Wood as Fuel
would have thought that "about 55 percent of all the
wood harvested in the world is used as fuel?"
A Food and Agriculture
Organization of the United Nations (FAO) Approximation
Rosa, a mother of nine, prepares a meal
of corn tortillas. Rosa lives in a Qeqchi Maya village in
the mountains of north-central Guatemala, Central America.
In much of the world, wood fires are commonly used for cooking
and heating, as is the case with Rosa and her family.
Wood as fuel isn't limited to the rural
population of countries like Guatemala, however. In Oregon,
for example, many households still use wood stoves for some,
or all, of their heat. In addition, wood is used as fuel
worldwide in the form of charcoal hamburgers and hot
dogs on the grill is a common sight during Oregon's summer.
Nationally power plants and factories generate heat and
electricity by burning charcoal or wood.
A lot of wood is used for fuel, but
in some cases the wood doesn't come from forests! According
to the Food and Agriculture Organization*, an organization
that works internationally in agriculture and forestry,
developing countries in Asia have approximately 3/4 of the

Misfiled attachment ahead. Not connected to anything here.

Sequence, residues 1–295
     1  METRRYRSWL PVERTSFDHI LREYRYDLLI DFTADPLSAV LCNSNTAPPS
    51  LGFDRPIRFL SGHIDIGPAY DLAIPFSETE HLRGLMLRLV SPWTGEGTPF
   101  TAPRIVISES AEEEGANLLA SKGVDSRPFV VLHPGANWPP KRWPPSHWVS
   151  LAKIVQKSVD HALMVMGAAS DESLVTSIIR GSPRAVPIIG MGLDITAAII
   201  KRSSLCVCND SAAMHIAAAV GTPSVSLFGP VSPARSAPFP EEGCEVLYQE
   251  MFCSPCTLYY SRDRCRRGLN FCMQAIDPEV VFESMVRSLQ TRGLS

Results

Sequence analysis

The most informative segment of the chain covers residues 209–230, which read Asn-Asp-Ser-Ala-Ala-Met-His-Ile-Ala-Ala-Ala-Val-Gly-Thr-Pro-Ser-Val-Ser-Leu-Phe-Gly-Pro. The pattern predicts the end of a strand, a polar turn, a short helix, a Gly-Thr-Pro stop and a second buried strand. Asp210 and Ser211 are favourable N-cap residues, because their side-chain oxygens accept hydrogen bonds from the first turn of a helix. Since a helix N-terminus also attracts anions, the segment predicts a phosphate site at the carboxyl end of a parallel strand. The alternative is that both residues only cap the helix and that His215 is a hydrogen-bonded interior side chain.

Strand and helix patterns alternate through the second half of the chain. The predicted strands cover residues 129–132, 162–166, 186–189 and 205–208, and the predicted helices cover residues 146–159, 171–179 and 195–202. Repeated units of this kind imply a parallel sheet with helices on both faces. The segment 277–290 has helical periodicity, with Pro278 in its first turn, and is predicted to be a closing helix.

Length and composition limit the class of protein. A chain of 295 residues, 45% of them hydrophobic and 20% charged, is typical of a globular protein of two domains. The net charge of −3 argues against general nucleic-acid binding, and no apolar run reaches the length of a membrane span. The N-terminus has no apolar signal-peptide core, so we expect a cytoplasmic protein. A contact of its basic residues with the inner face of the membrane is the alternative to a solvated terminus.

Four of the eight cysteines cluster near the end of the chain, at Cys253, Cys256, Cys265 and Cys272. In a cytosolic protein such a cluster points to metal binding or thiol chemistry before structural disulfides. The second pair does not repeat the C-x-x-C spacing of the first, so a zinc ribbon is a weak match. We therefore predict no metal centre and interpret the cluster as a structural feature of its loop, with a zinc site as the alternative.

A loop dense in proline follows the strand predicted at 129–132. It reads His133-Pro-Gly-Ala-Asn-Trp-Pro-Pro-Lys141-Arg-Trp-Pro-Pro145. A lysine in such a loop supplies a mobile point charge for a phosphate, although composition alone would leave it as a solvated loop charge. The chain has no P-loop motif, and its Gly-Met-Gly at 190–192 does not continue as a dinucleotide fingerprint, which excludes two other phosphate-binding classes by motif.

world's woodfuel users, but only 1/4 of the forest cover.
"We now know that over 60% of fuelwood originates from
non-forest sources and the supply from these non-forest
sources appears to be sufficient to 'fill
the gap'." The author continues, offering that
"...fuelwood harvesting from forest land is not necessarily
non-sustainable, and that fuelwood use is not necessarily
linked to deforestation. Now, fuelwood use is no longer
[generally] considered a major or general cause of deforestation."
In Asia at least, most of the wood used
as fuel is harvested from tree crops grown on non-forest
lands. This includes village lands, agricultural lands,
tree plantations, trees in wind rows and fence rows. Worldwide
the relationship is probably similar. Wood used for fuel
is seldom the main reason forests are cut down.
We sometimes forget how important wood
is as a fuel source. Oregonians typically have easy access
to electricity thanks to hydroelectric power generation.
But wood as fuel worldwide is important, now and in the
future. The rise in woodfuel consumption is projected to
continue for some years to come in many fast growing, economically
Not all wood used for fuel comes from
trees harvested specifically for that purpose. For example,
wood stoves that burn sawdust or wood pellets are burning
industrial "wastes." Mills using "hog fuels"
to generate heat and/or steam use these same wastes, generated
on-site or shipped in by train and truck. Wood wastes and
hog fuels are wood chips or dust burned as fuel.
*FAO Working Paper number